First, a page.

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16 For God so loved the world, that he gave his only begotten Son, that whosoever believeth in him should not perish, but have everlasting life.

John 3:16 King James Version (KJV)

john316signCan the Gospel be reduced to one verse? In one sense it can. John 3:16 cuts to the very core of God’s plan of salvation: His great love for the world, His great sacrifice freely offered, and our response to that call.

On the other hand, Jesus expounds a Gospel that encompasses so much more than that. Although this verse might be sufficient to achieve salvation alone, it can not even begin to inform a Christian life.

What is the answer? Very simple.

Hold up the sign.

Jesus said that when He is lifted up (exalted) He will draw all men to Himself. But after that, we who follow Him must care for the souls drawn to Him. A “John 3:16” Christian may escape Hell, but he will not experience the joy of a Christian life and he will not be very effective in drawing still more to the Lord.

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In the beginning

In the beginning was the Word, and the Word was with God, and the Word was God. He was with God in the beginning. Through him all things were made; without him nothing was made that has been made. – John 1:1-3 (NIV)

It’s terribly tempting to get into the intricate theology that is contained in these few words. And I started to do just that. But as I became more and more bogged down I realized that my real purpose here is not to instruct or convince. Rather, it is to share my thoughts. They may be insightful, they may be shallow and they may (certainly at times) be dead wrong. But in the end (no pun intended) they are mine.

I am examining this text with the benefit of centuries of Christian theology. So it is easy to read into the words meaning that wasn’t intended at the time. The Holy Spirit often does that. Holy men, as they are inspired by God, write things without always understanding what the fuller meaning of their words are. So it is here, I think. The first thing that jumps out at me is the idea of “being” and “being with” as simultaneously possible. Things, created things, can’t do that. I can’t “be” myself and “be with myself” at the same time. So John is either stating an obvious impossibility, or he is more likely stating something much more profound, namely that the Word is not a created thing, that the Word is in fact God. This meshes perfectly with the more fully developed doctrine of the Trinity which will not be elaborated until the fourth century. God is both Himself and His Word: they exist in perfect unity yet they are distinct.

The “word” he is referring to is the Greek word “logos.” Without getting into all the finer philosophical points, one of the obvious meanings of that word to readers at that time would have been the Greek philosophical concept of the logos as the active creative principle in the universe. And that is pretty much the meaning that John is conveying. God, the Word, creates all that there is by His Word. That’s a pretty obvious theme in the Old testament. “God said ‘Let there be light, and there was light’.” It was God’s Word that was the active agent of creation. We see this in verse three and also in this well-known passage from Isaiah.

11 So is my word that goes out from my mouth: It will not return to me empty, but will accomplish what I desire and achieve the purpose for which I sent it.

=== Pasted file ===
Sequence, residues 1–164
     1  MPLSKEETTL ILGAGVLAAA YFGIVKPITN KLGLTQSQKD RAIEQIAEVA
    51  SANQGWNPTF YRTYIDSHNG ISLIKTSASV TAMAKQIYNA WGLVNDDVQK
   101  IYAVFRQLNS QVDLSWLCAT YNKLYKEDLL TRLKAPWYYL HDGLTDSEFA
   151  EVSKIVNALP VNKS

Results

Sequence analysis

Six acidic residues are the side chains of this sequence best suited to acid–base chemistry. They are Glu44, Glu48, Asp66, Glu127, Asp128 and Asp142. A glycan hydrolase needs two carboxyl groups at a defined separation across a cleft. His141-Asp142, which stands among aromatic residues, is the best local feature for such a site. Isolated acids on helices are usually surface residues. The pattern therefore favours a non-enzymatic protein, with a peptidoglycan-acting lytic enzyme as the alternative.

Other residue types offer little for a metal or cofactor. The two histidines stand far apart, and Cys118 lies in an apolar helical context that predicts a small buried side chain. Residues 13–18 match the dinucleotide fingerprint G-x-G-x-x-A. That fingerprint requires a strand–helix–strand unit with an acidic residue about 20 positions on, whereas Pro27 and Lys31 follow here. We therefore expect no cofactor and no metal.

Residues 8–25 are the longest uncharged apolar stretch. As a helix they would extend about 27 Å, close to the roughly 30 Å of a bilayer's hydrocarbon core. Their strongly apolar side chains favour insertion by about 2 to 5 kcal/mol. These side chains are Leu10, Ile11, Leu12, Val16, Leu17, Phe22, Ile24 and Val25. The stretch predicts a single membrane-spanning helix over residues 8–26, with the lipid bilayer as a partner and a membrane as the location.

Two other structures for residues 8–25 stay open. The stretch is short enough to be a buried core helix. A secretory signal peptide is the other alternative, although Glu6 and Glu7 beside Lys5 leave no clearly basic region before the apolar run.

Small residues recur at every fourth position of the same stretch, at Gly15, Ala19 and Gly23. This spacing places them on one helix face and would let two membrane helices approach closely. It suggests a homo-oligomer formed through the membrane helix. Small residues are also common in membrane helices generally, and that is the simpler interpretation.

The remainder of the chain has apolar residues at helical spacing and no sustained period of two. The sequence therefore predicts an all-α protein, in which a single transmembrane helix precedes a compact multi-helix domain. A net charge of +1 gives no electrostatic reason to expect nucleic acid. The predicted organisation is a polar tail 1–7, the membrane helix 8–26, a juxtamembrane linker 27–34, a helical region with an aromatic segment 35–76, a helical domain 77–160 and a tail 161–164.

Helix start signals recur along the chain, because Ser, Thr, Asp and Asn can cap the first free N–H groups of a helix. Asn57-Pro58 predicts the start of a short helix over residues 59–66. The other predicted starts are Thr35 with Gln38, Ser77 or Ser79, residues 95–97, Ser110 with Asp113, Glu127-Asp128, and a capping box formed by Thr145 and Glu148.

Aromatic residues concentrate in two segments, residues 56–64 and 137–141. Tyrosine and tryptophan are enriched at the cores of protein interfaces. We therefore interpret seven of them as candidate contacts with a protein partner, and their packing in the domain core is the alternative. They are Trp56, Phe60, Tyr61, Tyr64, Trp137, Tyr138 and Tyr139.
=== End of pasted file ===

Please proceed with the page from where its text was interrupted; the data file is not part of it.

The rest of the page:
Isaiah 55:11 (NIV)

“In the beginning” is the opening both of this Gospel as well as Genesis. John is talking about the time before creation. But we now know that time and space are two different ways of looking at the same thing. Physicists use the term “space-time” to refer to the matrix of being in which we exist. I believe that prior to creation there was neither space nor time. It makes no more sense to ask “when” the universe was created than to ask “where” it was created. There was no “where” there and there was no “when” then. We’re dipping our toes into that arcane subject called ontology, the philosophy of “being.” One of the main questions ontology addresses is  “Why is there ‘is’ “?” Obviously the kind of “being” God possesses  is profoundly different than what we perceive to be “being.”  (What an unavoidable  swarm of bees.) The existential theologian Paul Tillich approached it this way:

Paul Tillich was critical of the view of God as a type of being or presence. He felt that, if God were a being, God could not then properly be called the source of all being (due to the question of what, in turn, created God). As an alternative, he suggested that God be understood as the “ground of Being-Itself”.

http://religiousnaturalism.org/god-as-ground-of-being-paul-tillich/

Or as another Paul (the apostle) put it when expounding the Gospel among the philosophers at the Areopagus , “For in him we live and move and have our being.” (Acts 17:28) (He is quoting the Cretan philosopher Epimenides.) The word “ground” here is taken is the artistic sense of figure and ground. In other words, the variation (figure) is only possible against the unchanging ground. A black stroke on canvas exists because it is something other than canvas. Analogies can be helpful if not carried too far. Think of a glassy smooth body of water. No motion, no disturbance of any kind. And then think of a ripple moving across the water. The ripple exists but it only exists as a change of the otherwise unchanging water. The water s the ground and the ripple is the figure. By extension, then, our “being” is nothing more (or less) than a ripple on the ground of God’s being. We know that God is unchanging in His essence but he is also omnipotent and therefore unconstrained by His own nature. And here we come to the mystery of creation. Why, if God is complete in Himself, does He choose to create? Why is there “is?”

 

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